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Bicentennial Woords

Bicentennial Woods

This is hill country, carved by the glaciers and covered with towering oaks, hickories and sycamores, some more than 200 years old. A variety of woodland birds can be seen and heard in spring and summer. Spring wildflowers include wild blue phlox, wild geranium, bloodroot and Jack-in-the-pulpit
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Blue Cast Springs

Blue Cast Springs protects over 3,000 feet of the Maumee River bank and was at one time the site of a natural spring once thought to have healthful properties. Bluffs 30-feet high offer vistas of the Maumee River and one of its islands. Native Americans likely used these bluffs to overlook the river’s canoe traffic. ...
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Cypress Meadow

Cypress Meadow

This trail system is slated for retirement. It will close to the public by the end of 2024 as part of ACRES’ comprehensive plan to update visitor amenities at our nature preserves. Learn more at acreslandtrust.org/raisingourstandards   Cypress trees stand on low land surrounding the water of a pond. There are also willow and cottonwood ...
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Fogwell Forest

Fogwell Forest

Fogwell Forest is in a lowland area southwest of Fort Wayne. It’s a bit of old-growth forest, with giant oak and beech trees. In the shade beneath the giants are flowering dogwood and pawpaw and an impressive display of wildflowers in spring. The preserve is the year-round home of squirrels, raccoons and great horned owls.
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Fox Fire Woods

This trail system is slated for retirement. It will close to the public by the end of 2024 as part of ACRES’ comprehensive plan to update visitor amenities at our nature preserves. Learn more at acreslandtrust.org/raisingourstandards   Fox Fire Woods is high, well-drained land producing a woodland where the dominant trees are oak and hickory. Along the ...
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This trail system is slated for retirement. It will close to the public by the end of 2024 as part of ACRES’ comprehensive plan to update visitor amenities at our nature preserves. Learn more at acreslandtrust.org/raisingourstandards   The Herman F. Hammer Wald Nature Preserve is in various stages of forest succession. There’s a field that was ...
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This trail system is slated for retirement. It will close to the public by the end of 2024 as part of ACRES’ comprehensive plan to update visitor amenities at our nature preserves. Learn more at acreslandtrust.org/raisingourstandards   The Little Wabash River Nature Preserve is a place of trees. The land donor constructed a pond and planted cedar, ...
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This trail system is slated for retirement. It will close to the public by the end of 2024 as part of ACRES’ comprehensive plan to update visitor amenities at our nature preserves. Learn more at acreslandtrust.org/raisingourstandards   The Maumee River Overlook is a high forested embankment overlooking the Maumee River. A water-powered sawmill was once located nearby on ...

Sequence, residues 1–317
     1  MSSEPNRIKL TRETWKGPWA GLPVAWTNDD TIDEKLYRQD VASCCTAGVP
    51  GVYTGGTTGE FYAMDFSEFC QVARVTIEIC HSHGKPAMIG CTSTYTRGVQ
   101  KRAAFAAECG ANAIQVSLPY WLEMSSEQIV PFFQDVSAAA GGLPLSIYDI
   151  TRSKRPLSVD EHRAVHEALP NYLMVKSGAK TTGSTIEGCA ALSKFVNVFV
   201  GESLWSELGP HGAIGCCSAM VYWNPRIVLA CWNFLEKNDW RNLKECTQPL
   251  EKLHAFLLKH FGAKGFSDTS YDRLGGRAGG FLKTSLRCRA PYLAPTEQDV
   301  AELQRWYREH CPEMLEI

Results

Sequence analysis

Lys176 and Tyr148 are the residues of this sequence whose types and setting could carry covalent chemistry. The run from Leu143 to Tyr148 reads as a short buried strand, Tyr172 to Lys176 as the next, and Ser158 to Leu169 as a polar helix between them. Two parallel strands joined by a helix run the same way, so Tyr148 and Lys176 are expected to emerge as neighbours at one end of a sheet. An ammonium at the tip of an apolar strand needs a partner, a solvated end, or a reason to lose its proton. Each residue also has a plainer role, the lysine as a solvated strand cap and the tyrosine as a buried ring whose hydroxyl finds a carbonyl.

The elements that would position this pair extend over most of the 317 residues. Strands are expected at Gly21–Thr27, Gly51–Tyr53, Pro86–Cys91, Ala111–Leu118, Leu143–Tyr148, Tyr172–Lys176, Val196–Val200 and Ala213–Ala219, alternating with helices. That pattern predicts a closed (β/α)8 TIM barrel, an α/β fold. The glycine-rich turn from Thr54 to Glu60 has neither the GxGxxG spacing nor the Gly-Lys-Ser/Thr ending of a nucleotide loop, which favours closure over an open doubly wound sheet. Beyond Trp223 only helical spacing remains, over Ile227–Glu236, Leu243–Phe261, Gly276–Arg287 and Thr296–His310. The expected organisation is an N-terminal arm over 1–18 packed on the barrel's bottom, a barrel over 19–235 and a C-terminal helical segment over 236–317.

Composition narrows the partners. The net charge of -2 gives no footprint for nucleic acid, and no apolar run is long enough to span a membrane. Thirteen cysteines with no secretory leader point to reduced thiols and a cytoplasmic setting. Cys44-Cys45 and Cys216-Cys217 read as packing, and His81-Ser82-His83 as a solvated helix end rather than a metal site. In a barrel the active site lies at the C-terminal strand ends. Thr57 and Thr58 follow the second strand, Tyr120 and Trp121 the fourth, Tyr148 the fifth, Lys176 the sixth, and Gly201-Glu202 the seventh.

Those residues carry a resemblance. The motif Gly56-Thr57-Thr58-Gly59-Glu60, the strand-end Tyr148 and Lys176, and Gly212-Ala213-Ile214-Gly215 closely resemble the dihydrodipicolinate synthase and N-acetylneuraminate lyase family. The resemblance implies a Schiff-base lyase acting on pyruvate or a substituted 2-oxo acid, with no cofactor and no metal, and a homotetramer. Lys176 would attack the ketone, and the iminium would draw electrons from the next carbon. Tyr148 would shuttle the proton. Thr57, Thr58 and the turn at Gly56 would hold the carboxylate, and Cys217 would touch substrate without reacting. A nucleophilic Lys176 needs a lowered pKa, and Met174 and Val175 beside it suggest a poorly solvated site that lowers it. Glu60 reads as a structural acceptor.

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This preserve protects a picturesque high south bank of the St. Joseph River, ravines of Davis Fisher Creek and an old-growth maple woods where a maple sugar camp operated for many years. There are still remnants of the sugar camp. The woods have sugar maple, tulip, red and white oak, beech, ash and sycamore. Spring brings a carpet of wildflowers beneath the trees ...
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At this reserve, you will see three stages of forest succession. First, there is an open meadow with stands of hawthorn and gray dogwood. Then, there are early-stage woods of elm, shagbark hickory and maple, plus a mature forest of sugar maple, beech, oak and shagbark and shellbark hickory. Finally, there is a beech/maple forest. The three habitats and their variety of trees ...
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Spring Lake Woods and Bog has long been recognized as significant to preservationists due to its sphagnum bog, orchids, pitcher plants, and plant life distinctive of northern muckland woods. The preserve protects shoreline of Lake Everett, Allen County’s only natural lake. It is also home to the rare four-toed salamander, and features distinctive plant life including cypress-knee ...
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Tom and Jane Dustin
Trails wind through meadows and woodlands, one leading to a wetland filled in springtime with horned bladderwort and the call of spring peepers. Another trail climbs a steep hill along the preserve’s southern boundary formed by Cedar Creek, one of the only three designated Indiana Natural, Scenic, and Recreational Rivers. The ACRES office is located ...
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150+
volunteers worked 2,500 hours in the field, office and on the trails

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Sam Ropchan